Morris Paton was 30 and Eugene Thomas was 33 this man was arrested for killing Christopher Mc Crory who was only 19. This case happened in New Orleans they were arrested December 23, 2001. At first the charges was capital murder which means they would have got the death penalty if convicted .The Cannizzaro's office knocked the charges down to second-degree murder, which carries mandatory life in prison upon conviction. These two men sat in jail for almost nine years waiting on a trial in 2001. Kathryn Sheely which is Paton’s lawyer says "The 8 1/2 year delay in this case has meant that justice can't be served," Sheely said Monday.
Eye Believe What Eye Saw Andre Hatchett was convicted of murder in 1991. However, there was no DNA evidence linking him to the crime. Only a single eyewitness said that he saw Hatchett attack the women in a park. During the trial, the eyewitness had testified and Andre Hatchett was charged with murder and was put in jail for 25 years. But 25 years into his sentence it was found that he was wrongly convicted and the eyewitness had testified for having a burglary charge dropped against him.
For example on March 21, 2010, Kathy Powell, the mother of 21 year old Taylor Powell, who was brutally murdered by Jarrod Wyatt outside Klamath, Oregon, said the suspect's recent insanity plea was a complete lie. Mrs. Powell said she knows little about what happened that night, but voiced frustration about the defense's efforts to suggest her son somehow instigated the fight that led to his death. Wyatt, age 26, was being charged with murder, aggravated mayhem, and torture. He pleaded a dual plea of not guilty and not guilty by reason of insanity. Along with the family’s devastation, they are also particularly worried about Taylor's brother, Andrew, who learned of the killing while on duty with the U.S. Army's 101st Airborne in Afghanistan.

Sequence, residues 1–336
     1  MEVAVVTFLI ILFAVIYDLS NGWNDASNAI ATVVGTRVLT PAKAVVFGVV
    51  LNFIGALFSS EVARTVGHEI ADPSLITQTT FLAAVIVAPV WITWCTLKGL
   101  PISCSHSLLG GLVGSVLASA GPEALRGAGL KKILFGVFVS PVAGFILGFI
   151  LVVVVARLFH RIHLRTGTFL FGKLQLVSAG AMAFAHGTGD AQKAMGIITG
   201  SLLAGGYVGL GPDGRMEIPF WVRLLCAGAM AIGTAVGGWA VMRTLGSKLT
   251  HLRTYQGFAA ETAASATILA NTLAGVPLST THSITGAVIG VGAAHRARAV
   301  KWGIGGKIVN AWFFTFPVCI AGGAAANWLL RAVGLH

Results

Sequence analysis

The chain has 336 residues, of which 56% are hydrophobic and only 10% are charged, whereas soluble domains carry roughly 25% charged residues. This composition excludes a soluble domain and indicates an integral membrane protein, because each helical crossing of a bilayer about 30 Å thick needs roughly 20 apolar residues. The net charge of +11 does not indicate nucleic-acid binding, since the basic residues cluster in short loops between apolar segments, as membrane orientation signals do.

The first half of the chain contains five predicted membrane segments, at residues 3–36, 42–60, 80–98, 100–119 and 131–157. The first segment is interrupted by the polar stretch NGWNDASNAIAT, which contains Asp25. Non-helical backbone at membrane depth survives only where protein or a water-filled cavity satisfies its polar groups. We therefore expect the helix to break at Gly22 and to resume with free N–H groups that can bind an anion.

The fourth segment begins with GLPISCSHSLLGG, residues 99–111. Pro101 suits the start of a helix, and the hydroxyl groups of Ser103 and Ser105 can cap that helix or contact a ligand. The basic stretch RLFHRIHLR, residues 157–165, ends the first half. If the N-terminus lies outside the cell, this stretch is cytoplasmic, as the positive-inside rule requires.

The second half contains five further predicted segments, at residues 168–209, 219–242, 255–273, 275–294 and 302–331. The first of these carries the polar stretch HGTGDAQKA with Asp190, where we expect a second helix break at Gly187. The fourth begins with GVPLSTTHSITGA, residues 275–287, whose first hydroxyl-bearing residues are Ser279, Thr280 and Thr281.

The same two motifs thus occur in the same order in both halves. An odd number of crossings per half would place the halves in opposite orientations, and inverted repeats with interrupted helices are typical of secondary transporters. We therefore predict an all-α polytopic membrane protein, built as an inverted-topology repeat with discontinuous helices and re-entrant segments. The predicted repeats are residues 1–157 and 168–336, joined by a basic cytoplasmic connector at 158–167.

From two unfair trials to a death sentence, the court ruled that the false confession given by Soffar should stand. In addition, his constitutional rights were not violated when his 2006 trial court judge refused to allow him to show that the only correct details in his fake confession were not the result of his involvement in the crime, but instead had been obtained through widely spread media reports (Thorn, par. 3). The problem with Max Soffars case shows the serious failures of the criminal justice system. After 28 years on death row, another man was close to being executed because of a careless ruling.
Others are disfranchised due to their socioeconomic status. Ultimately, there are numerous innocent men and women serving life sentences and are on death row for crimes they did not commit. As an illustration, in the year of 2007, Davontae Sanford, who was just 14 years old at the time, was wrongfully convicted of murdering four people and sentenced 90 years in prison. Sandford was an individual a part of the lower social class, coming from a rough part of Detroit, he was a victim of poverty. He stated how he was such a naïve kid and was coerced by detectives and his defense attorney to confess and plead guilty to murders he did not commit.